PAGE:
A decision to fly the Union Flag in Lisburn to mark ‘Brexit Day’ has sparked a row between councillors.
A joint statement of protest has been issued by Green, SDLP, Alliance and Sinn Fein representatives on Lisburn and Castlereagh Council, criticising DUP Mayor Alan Givan for his role in the decision to fly the flag.
They said as his position is meant to be "non-political" he should reconsider. One councillor said there was nothing to celebrate in the UK's departure from the EU on Friday.
The move comes after a vote to light the council building blue to mark the occasion was defeated.
The four non-unionist parties on council, who make up 17 of the 40 elected councillors said: “The DUP attempted to have the council light the Civic Centre in blue to mark the UK leaving the European Union.
"This was defeated, but following a suggestion by the UUP’s Alderman Jim Dillon that the Union Flag should be flown, The mayor agreed to use his prerogative to do so without putting the matter to a vote."
Their statement continued: "Our parties ask that the mayor reflect on his decision to mark the UK’s departure from the European Union by flying the Union Flag, given the new co-operative approach being adopted at Stormont.
“We respect the right of those who wish to celebrate this moment in history but to give it the stamp of civic approval won’t be done in our names or on behalf of those we represent.”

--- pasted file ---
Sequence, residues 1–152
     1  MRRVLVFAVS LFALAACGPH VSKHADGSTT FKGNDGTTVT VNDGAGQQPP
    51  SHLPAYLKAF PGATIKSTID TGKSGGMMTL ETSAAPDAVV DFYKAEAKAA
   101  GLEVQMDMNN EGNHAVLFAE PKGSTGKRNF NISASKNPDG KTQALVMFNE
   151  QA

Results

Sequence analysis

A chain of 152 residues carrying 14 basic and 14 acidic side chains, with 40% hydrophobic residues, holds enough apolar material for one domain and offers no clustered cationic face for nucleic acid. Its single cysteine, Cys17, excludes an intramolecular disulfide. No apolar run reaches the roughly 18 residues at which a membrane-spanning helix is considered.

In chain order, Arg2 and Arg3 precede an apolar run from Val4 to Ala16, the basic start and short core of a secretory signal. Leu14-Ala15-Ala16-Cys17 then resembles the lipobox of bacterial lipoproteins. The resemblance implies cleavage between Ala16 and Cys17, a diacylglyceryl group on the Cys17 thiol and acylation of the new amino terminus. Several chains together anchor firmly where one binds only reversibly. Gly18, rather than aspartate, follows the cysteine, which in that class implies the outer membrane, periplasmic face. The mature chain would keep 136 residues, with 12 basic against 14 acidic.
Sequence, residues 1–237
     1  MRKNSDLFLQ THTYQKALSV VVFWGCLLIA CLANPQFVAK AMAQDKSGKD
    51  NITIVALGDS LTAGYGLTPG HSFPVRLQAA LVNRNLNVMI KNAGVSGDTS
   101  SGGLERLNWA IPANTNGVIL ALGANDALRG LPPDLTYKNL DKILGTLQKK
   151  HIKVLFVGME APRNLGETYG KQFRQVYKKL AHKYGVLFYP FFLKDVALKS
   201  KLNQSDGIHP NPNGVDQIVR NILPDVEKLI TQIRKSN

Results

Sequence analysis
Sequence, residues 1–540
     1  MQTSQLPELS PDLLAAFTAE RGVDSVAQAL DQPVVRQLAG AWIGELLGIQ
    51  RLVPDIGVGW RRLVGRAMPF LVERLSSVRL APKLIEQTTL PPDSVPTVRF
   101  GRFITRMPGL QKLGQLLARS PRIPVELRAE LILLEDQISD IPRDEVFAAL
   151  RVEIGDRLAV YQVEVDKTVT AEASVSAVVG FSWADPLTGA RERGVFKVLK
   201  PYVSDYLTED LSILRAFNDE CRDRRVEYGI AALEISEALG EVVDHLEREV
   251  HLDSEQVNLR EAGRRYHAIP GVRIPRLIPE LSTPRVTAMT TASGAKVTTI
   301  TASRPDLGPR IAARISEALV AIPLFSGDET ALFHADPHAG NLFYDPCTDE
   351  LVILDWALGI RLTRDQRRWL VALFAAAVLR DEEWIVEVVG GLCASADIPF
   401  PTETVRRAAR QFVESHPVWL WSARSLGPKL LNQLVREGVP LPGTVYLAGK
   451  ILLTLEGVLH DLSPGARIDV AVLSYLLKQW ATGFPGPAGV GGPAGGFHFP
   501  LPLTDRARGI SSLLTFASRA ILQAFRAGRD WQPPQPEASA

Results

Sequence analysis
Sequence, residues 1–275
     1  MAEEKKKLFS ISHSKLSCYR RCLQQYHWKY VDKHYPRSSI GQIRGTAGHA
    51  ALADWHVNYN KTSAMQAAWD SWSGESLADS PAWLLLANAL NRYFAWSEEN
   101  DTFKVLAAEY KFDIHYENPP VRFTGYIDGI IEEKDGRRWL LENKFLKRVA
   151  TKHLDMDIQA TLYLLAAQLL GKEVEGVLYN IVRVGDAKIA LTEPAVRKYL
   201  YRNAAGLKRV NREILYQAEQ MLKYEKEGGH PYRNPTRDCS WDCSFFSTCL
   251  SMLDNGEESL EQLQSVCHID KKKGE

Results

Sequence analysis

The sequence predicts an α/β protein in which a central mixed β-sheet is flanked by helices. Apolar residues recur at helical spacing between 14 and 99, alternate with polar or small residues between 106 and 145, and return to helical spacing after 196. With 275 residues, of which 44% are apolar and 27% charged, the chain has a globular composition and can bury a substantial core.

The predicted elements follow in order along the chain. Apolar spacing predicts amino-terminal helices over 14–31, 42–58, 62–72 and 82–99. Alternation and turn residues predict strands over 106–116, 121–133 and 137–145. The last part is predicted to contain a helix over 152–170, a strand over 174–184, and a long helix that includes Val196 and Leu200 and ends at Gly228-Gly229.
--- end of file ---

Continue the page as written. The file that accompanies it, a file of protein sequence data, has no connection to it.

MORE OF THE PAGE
At Tuesday's meeting of Lisburn and Castlereagh City Council, a DUP member requested that the Lagan Valley Island centre be lit up on January 31 to celebrate the UK leaving the EU.
Alliance Councillor Sorcha Eastwood, who spoke against the request, said it was disappointing that the building be politicised and that the lighting of the building was meant to be for community or charitable causes.
Councillor Eastwood said: “We don’t think it’s right that the building be used to make political points and Alliance is opposed to using the building for this purpose.
“January 31 isn’t a date for celebration, as Northern Ireland is leaving the biggest trading bloc in the world, and this will have negative consequences in both economic and social terms.
“Whilst we recognise that we are leaving, what we need to focus on now is scrutinising and analysing the detail that will come from the future relationship negotiations and as a party we will do that at Westminster and the Assembly and we will continue to prioritise protecting NI, people’s jobs and livelihoods.
“Alliance will continue to listen and work with business, farmers and the community to protect our best interests.”
The Belfast Telegraph attempted to contact Mr Givan for a response, but a spokesperson for the council said the Mayor was within his rights to permit the flag to fly.
“The council’s provisions state that the Union flag is flown at the civic offices on the designated days in accordance with the Northern Ireland government guidelines,” said the council.
“Along with July 1 and July 12, there is provision to fly the appropriate flag on other exceptional occasions deemed suitable by the Mayor.”